Sunday

Check Your Blind Spot -- Seeing Sin Before It Wrecks Your Life

The guy in the SUV never saw it coming. But I did. 

Stopped in traffic in the far right lane on a busy 4-lane highway, I did what my driving instructor had taught me – put your left turn signal on, watch in your side mirror for traffic in the next lane to clear, check your blind spot, then prepare to pull out. 

The guy behind me did the same – minus one very important step – he failed to check his blind spot. The bright green porta-potty truck (complete with a sloshing tank and a porta-potty strapped to the back) had almost passed him when he pulled into its path. I watched it happen in my mirror like a slow-motion crash scene in a low budget Hollywood movie. There was nothing I could do to stop it. 

“No. No. NO!” 

CRASH! 

The forward motion of the truck knocked the SUV back into its lane and into the rear of my Toyota. In three long seconds it was over. Two cars totaled and nary a scratch on the porta-potty truck. We were all thankful it didn’t lose its load. 

Later the driver of the SUV told the police officer, “I guess it was in my blind spot. I never saw it coming.” Two weeks later, the driver’s words still ring in my ears. Instead of thinking about wrecked cars, however, I’m thinking about wrecked lives, because we all have blind spots. 

By definition a blind spot is an area where a person's view is obstructed. Collins dictionary gets more specific. “If you say that someone has a blind spot about something, you mean that they seem to be unable to understand it or to see how important it is.” 

Not limited to the scene in a rear-view mirror, our blind spots pop up in different areas of our lives. They limit our ability to make right choices and endanger our physical, financial, relational, and spiritual lives. 

Some of us have blind spots concerning our physical health. We fail to see (or choose to ignore) our increasing weight, decrease in stamina, or rising blood sugar or cholesterol numbers. We slip into poor eating habits or turn a blind eye to the value of exercise. Short-term medication to get us through a bad spot becomes long-term therapy with no exit plan. 

Others suffer because of financial blind spots. We ignore mounting debt and pay only the minimum while continuing to borrow money. Or turn our backs on the wise principles of saving and charitable giving. Or continue to “loan” money to people who never pay it back. 

Sometimes we struggle with relational blind spots. We fail to see the needs of others and find ourselves in a crisis we never saw coming. Or continue to do the same thing the same way and wonder why we don’t get different results. We lose our ability to distinguish between helping and enabling, or we give others too much power, allowing them to make us feel inadequate, inferior, and insecure.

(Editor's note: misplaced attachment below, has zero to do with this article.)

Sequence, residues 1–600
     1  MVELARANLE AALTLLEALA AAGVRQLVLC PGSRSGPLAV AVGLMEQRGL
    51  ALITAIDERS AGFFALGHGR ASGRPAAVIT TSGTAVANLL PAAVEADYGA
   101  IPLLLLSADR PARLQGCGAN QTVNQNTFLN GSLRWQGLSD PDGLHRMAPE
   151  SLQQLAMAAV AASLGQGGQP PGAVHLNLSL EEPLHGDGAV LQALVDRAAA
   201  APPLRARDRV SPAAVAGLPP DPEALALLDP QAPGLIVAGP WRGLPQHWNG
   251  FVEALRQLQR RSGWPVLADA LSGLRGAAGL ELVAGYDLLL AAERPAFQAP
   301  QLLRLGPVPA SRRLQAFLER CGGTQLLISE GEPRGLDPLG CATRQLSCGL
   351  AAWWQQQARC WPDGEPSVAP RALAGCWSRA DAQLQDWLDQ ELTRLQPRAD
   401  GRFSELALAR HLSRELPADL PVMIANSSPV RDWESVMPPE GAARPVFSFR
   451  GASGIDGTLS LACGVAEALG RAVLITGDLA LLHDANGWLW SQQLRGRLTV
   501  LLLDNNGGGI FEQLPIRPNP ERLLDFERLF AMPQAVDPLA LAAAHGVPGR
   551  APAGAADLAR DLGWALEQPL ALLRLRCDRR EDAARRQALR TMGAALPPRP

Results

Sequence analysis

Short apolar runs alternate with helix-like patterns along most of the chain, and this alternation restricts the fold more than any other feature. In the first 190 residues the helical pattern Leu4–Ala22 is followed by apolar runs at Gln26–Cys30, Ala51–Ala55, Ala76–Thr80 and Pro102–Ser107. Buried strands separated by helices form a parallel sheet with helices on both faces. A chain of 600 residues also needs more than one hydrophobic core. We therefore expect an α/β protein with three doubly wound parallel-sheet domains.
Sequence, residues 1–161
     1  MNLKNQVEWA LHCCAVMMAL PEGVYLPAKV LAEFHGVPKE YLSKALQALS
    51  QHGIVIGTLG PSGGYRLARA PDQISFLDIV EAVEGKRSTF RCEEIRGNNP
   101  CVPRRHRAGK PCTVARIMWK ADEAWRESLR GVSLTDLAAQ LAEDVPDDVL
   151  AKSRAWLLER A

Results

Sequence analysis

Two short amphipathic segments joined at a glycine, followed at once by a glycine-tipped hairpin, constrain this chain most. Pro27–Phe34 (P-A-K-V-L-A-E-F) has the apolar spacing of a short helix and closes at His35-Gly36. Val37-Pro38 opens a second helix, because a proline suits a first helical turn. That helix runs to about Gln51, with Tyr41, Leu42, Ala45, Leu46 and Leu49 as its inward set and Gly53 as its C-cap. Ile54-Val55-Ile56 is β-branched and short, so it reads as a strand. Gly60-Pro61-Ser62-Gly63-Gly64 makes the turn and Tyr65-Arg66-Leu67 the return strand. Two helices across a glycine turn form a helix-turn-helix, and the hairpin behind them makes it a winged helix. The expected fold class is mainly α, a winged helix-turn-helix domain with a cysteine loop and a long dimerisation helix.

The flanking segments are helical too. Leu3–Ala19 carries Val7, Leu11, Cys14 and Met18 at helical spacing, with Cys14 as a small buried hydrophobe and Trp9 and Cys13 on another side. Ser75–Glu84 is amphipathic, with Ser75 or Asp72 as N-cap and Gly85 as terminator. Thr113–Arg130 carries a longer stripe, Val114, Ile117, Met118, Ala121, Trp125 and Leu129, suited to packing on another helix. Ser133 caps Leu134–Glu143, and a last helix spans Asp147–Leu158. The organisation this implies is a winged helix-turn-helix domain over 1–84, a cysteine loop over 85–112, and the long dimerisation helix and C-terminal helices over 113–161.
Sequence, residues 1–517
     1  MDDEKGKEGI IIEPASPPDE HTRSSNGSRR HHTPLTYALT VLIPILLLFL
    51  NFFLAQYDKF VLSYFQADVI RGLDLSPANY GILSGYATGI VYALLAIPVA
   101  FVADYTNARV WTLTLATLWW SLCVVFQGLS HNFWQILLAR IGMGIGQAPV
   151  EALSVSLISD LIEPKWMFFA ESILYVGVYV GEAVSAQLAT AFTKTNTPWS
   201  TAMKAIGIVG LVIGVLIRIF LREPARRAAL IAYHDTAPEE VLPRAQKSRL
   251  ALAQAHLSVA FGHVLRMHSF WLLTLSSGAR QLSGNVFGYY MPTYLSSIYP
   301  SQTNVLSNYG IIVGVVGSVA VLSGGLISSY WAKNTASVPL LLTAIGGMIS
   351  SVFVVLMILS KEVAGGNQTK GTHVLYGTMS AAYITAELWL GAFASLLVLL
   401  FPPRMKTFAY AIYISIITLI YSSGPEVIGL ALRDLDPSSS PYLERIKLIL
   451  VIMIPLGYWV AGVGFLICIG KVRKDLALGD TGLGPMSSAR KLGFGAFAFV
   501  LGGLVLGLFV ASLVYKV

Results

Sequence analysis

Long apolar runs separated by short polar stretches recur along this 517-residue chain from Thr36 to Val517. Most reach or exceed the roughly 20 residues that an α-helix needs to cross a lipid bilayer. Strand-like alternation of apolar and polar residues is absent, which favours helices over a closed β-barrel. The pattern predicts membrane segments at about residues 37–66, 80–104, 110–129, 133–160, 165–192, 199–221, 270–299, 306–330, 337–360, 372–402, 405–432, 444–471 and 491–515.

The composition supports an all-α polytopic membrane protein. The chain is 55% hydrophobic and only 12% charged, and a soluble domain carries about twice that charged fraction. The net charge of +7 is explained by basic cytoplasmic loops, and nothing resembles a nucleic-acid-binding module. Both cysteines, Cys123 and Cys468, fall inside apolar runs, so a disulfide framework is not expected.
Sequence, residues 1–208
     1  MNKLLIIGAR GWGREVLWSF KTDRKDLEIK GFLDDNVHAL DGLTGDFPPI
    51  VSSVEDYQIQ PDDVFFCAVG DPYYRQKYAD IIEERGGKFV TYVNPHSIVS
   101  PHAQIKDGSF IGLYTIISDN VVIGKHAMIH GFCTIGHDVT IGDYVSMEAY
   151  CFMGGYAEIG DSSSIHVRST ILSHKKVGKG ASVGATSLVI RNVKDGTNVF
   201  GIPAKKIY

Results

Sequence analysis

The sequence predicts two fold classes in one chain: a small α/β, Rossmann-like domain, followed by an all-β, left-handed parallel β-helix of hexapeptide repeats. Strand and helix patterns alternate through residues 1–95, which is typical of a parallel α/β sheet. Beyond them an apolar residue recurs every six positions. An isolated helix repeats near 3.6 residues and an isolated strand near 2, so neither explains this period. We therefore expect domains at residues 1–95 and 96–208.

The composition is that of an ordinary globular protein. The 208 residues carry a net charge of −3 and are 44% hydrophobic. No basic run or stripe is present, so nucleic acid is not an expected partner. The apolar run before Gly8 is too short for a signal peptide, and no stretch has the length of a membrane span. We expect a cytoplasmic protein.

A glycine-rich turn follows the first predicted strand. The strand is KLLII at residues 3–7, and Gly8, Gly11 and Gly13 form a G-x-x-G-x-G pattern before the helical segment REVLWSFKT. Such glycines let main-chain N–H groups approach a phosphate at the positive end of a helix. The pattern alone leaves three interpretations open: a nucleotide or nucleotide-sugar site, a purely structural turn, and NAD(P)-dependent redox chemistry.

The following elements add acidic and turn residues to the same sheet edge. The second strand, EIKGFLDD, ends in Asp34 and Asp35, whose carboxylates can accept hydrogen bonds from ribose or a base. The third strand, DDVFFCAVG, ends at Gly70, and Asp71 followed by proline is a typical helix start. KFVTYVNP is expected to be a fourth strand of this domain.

Finally, our spiritual life is one of the greatest areas for blind spots. Relationships become idolatrous when they take first place over our relationship with God. Complacency and laziness dull our desire to pray, serve, and worship, leaving our spiritual lives lukewarm and ineffective. Society’s siren song of love apart from truth causes us to compromise on foundational biblical principles. 

It’s not enough just to be aware of blind spots, we have to take action against them.

Here are three ways we can protect ourselves: 

1. Remain vigilant. Never think you’re too healthy, financially smart, relationally sound, or spiritually mature to be blinded. 

“So, if you think you are standing firm, be careful that you don't fall!” (1 Cor. 10:12). 

2. Put safeguards in place. Alone or with your spouse, establish ground rules for the important areas of your life. Decide in advance how you’re going to act in different scenarios. God always promises to make a way to escape temptation, but even better than escaping is is avoiding it all together. 

“But put on the Lord Jesus Christ, and make no provision for the flesh in regard to its lusts” (Romans 13:14). 

3. Maintain good habits. What we do regularly charts the course of our lives, good or bad. Here are some of mine: Physical – I exercise for at least 30 minutes a day. Financial – we pay off our credit card every month. Relational – we've agreed divorce is not an option. We do what it takes to work it out. Spiritual – I make church attendance and daily Bible reading a priority. 

“No discipline seems pleasant at the time, but painful. Later on, however, it produces a harvest of righteousness and peace for those who have been trained by it” (Heb. 12:11). 

If the driver who hit me had been watching his blind spot, he wouldn’t have wrecked his car or mine. If we stay alert for physical, financial, relational, and spiritual blind spots, we can avoid wrecking our lives and the lives of those around us. Even better, we can honor and glorify God and point others to him. 

Now it’s your turn. Which blind spots to you struggle with the most? How do you guard against them? Leave a comment below and share your thoughts.



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